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Published: Nov 19, 2021 14 min read
Students on university campus

If you’re a federal student loan borrower, you may have grown used to not making payments over the past nearly two years. But the pandemic relief program that froze federal student loan payments and interest is coming to an end in less than 90 days. You'll be on the hook for payments again staring in February.

And that's official — while there have been four previous extensions of the forbearance period, the Education Department says that won't happen again. In other words, you will need to start repaying your loans, regardless of what happens with the pandemic or the economy.

If that has you panicking, you’re not alone. A Credit Karma study published in October found that 63% of those with outstanding student loan debt are concerned about their ability to make payments once federal student loan forbearance ends. Another recent survey from Savi and Student Debt Crisis Center found as many as 9 out of 10 borrowers weren't ready to resume payments.

But there’s plenty you can do now to help you ease back into paying your debt, including potentially lowering your future monthly payments. Here's where to start.

Know what your student loan balance is

You can log on to your student loan servicer's website to see what you currently owe. If you don't know which company manages your student loan billing (aka your servicer), you can find that out, along with your balance, by logging on to If you just graduated and are entering repayment, check your email or physical mail for instructions on setting up an account.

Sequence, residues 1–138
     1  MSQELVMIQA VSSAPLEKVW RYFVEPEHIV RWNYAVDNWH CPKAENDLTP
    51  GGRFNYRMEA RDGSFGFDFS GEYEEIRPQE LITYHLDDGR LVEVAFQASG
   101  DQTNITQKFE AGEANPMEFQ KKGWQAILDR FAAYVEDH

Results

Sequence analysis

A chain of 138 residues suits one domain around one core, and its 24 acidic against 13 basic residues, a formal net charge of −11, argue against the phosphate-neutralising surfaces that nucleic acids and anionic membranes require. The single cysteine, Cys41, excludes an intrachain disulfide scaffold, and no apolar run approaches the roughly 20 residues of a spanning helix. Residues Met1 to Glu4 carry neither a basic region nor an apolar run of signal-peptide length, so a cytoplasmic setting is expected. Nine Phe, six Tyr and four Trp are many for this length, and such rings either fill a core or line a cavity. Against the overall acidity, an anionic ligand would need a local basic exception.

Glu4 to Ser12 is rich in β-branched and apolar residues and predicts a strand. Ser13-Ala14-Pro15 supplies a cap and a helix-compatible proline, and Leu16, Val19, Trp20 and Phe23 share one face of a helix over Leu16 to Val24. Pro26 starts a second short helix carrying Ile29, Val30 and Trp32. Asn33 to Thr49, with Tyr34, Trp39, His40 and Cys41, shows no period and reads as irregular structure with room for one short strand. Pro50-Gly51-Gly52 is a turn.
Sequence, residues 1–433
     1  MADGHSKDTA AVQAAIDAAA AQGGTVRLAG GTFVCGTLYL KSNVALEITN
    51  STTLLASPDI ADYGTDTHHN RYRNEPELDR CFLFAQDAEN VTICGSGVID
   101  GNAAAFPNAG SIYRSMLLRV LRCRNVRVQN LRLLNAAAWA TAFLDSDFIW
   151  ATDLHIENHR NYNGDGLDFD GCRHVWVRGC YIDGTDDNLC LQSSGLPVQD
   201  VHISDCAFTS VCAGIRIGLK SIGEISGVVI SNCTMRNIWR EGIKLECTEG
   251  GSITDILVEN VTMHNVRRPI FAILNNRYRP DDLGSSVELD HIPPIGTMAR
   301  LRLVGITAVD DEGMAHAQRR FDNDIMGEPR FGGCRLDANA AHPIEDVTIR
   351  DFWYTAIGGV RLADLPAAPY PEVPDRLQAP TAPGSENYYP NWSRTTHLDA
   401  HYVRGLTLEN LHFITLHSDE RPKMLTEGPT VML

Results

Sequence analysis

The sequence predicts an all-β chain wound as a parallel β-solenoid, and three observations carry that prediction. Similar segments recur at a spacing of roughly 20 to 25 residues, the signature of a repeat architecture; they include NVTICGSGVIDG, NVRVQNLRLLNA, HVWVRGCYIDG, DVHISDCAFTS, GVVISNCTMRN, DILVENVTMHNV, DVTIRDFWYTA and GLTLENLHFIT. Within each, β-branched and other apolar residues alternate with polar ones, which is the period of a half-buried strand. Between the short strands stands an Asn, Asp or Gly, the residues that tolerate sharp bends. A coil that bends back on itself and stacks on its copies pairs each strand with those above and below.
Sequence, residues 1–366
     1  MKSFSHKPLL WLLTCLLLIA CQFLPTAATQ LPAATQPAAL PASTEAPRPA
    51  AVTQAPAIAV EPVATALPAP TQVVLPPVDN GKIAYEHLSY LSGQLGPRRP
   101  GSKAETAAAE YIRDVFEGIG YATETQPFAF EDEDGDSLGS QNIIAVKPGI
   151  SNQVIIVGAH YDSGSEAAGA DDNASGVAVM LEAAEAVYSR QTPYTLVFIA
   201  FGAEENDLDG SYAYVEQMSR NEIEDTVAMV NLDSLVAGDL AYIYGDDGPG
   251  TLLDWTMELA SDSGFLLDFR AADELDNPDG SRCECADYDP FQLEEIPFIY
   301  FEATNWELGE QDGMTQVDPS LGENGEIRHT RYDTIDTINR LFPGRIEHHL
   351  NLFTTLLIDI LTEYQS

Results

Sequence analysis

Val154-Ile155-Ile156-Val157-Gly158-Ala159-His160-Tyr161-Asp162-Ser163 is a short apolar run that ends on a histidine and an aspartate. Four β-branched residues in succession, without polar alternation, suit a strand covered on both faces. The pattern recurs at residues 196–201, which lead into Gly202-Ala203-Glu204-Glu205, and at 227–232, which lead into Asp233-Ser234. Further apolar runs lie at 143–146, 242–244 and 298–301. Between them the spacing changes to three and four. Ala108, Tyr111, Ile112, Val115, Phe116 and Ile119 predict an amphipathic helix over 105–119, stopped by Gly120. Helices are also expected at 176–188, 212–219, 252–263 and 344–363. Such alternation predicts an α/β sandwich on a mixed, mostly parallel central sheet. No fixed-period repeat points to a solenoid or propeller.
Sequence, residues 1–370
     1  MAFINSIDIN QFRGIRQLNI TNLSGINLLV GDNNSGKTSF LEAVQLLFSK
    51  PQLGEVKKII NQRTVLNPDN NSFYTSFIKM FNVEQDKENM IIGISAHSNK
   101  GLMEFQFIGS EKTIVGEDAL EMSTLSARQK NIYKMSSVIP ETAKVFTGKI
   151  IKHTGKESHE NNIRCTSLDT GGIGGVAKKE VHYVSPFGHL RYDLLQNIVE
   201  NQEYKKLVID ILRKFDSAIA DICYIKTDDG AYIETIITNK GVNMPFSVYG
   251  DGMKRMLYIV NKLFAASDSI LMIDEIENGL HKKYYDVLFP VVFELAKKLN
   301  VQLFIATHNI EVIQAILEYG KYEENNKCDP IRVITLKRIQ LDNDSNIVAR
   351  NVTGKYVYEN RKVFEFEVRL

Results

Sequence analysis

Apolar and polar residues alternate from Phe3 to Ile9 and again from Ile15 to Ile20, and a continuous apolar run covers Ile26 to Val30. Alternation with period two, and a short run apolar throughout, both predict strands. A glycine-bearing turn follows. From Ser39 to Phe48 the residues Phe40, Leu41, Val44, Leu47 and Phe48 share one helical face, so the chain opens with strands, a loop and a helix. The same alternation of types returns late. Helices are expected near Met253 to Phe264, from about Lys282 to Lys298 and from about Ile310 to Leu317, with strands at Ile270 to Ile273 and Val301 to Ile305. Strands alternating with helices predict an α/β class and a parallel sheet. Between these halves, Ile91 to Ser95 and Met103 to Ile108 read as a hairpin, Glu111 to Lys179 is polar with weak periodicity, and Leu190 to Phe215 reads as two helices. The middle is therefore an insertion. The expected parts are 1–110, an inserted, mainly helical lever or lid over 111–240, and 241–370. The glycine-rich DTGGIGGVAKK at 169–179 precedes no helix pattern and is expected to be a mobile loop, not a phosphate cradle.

But heads up. Your student loan servicer may change within the next year. Multiple servicers are leaving the business. Navient, for example, says it will transfer all its accounts to other companies before the end of the year.

“Read every piece of mail and every email that you get,” Stacey MacPhetres, senior director of education finance at Bright Horizons’ EdAssist Solutions, says. “I think we are all guilty of thinking, ‘Oh, that's a solicitation or I don't need that.’ But there's a lot of change happening.”

The good news is a lot will also stay the same. If you made no payments on your federal student loans during the forbearance period, your balance should be the same as it was when the Trump Administration put the payment pause into place back in March 2020.

Your loan terms, interest rates and any existing benefits will remain the same, too. The number you call to ask questions about your loans shouldn't change and neither should your online log-in credentials.